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Is De-Tuning Passé?

(FAQ)

De-tuning is the dulling of the sharpened edge to reduce the bite of the edge and ease the transition of the edges at the tips and tails with a diamond, aluminum oxide, ceramic or natural stone.

Traditionally, this has been the typical method to finish a ski or snowboard edge after sharpening and polishing. With modern skis, this is now considered unnecessary by many, as it is desirable to utilize the whole sharp edge for carving turns. Slight increases of base bevel geometry, called feathering, at the tips and tails can be used instead to control the transitions into and out of a turn. This is specially true for carving skis to maximize the performance built into the skis.

De-tuning still may be necessary or desired if the tips and tails catch or to make initiating and ending turns easier, especially for novices, extreme or off-piste skiing, park tricks or snowboarding. Rockered skis can also benefit from either de-tuning or increasing the base bevels at tips and tails to avoid catching them when riding on hard-pack or icy conditions.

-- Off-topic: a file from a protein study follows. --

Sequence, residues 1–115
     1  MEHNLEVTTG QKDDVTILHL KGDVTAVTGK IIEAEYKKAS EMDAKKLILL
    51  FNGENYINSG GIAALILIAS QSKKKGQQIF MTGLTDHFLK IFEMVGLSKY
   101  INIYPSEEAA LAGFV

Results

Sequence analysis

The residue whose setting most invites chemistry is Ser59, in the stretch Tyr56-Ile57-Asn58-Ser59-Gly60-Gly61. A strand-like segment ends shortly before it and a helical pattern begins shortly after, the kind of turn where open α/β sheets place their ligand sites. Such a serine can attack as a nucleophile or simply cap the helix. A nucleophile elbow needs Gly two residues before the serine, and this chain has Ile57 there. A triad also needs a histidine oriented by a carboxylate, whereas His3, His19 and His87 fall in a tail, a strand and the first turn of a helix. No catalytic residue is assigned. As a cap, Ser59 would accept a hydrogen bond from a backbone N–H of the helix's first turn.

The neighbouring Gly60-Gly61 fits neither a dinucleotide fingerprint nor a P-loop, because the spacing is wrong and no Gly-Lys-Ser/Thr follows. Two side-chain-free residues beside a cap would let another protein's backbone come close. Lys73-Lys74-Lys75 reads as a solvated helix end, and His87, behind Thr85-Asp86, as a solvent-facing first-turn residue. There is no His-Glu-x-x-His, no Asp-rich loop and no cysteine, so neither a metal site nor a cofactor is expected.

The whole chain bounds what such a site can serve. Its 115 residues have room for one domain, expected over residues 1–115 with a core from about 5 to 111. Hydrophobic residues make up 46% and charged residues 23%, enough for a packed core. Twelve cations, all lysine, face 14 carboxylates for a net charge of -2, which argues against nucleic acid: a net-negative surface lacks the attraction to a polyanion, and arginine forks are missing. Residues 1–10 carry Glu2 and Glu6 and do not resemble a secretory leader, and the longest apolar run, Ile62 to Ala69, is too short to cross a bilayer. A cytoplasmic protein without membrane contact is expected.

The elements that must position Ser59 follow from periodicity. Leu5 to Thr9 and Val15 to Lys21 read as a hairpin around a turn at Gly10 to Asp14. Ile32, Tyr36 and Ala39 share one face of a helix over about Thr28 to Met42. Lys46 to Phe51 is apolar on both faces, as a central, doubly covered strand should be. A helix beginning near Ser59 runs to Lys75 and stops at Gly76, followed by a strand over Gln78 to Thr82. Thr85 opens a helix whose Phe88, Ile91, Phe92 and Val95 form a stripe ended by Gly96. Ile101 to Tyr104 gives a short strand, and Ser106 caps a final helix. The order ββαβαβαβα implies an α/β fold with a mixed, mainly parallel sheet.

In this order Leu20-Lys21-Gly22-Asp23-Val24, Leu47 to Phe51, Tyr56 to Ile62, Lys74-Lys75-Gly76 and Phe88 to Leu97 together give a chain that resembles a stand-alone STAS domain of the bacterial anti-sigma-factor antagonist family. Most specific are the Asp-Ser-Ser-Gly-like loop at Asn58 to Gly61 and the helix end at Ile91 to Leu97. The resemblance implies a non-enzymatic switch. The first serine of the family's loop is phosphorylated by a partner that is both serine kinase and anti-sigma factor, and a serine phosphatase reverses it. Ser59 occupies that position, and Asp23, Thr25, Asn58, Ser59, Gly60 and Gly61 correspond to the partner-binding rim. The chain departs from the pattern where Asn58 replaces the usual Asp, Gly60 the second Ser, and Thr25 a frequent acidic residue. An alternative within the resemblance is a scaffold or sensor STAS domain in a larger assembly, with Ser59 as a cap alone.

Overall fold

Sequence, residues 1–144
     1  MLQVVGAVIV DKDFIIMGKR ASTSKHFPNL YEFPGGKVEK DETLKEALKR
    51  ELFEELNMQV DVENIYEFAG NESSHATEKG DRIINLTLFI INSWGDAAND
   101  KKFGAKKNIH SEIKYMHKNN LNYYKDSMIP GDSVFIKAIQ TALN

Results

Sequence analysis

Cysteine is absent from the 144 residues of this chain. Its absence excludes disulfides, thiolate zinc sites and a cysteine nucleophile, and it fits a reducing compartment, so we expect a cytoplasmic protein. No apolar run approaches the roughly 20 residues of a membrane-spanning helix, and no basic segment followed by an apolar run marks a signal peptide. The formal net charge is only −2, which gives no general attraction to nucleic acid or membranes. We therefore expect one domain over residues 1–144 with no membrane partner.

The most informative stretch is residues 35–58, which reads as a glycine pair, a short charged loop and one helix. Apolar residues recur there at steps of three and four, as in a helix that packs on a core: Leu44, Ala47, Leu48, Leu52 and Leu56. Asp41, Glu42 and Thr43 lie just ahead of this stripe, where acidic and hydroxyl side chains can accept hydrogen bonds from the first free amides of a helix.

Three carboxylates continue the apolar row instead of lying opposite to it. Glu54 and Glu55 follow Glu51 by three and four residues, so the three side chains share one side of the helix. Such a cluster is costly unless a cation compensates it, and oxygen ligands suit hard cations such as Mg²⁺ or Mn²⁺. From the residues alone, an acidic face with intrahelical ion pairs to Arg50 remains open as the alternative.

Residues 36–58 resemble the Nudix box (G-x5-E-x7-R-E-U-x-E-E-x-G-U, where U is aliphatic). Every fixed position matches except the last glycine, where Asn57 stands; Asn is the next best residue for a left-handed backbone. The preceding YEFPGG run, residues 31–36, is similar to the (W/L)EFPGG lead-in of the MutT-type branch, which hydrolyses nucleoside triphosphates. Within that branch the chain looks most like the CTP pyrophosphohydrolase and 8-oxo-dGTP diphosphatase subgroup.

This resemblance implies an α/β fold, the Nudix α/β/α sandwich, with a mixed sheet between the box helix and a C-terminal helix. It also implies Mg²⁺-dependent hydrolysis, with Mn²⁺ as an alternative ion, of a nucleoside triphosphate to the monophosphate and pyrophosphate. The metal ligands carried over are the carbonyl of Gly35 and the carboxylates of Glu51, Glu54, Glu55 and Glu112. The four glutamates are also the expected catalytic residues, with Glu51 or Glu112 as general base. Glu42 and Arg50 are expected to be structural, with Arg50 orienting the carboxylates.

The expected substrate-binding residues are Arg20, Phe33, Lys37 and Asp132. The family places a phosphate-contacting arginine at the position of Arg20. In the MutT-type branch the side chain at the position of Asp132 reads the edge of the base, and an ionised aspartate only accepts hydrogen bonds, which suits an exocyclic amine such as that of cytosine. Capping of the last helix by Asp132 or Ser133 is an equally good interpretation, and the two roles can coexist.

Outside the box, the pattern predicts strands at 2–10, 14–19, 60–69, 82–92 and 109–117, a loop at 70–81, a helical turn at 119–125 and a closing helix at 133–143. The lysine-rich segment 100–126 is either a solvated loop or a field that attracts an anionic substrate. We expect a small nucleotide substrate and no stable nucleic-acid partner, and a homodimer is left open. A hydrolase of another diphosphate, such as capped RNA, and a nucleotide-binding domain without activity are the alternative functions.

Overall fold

If you wish to de-tune, start from tip or tail to contact point (where the tip shovel or tail end first contacts the snow surface when on edge), initially, and increase the length only after skiing or boarding to test. It is far easier and fast to de-tune than sharpen and a little will go a long way. This can be done very easily and quickly, a little at a time between or even in the middle of a run as you feel the skis or snowboard and can make minute adjustments relative to current feedback, until you are satisfied. This extent can then be applied in the shop the next time you sharpen, after you ‘know’ what you need.

 
 

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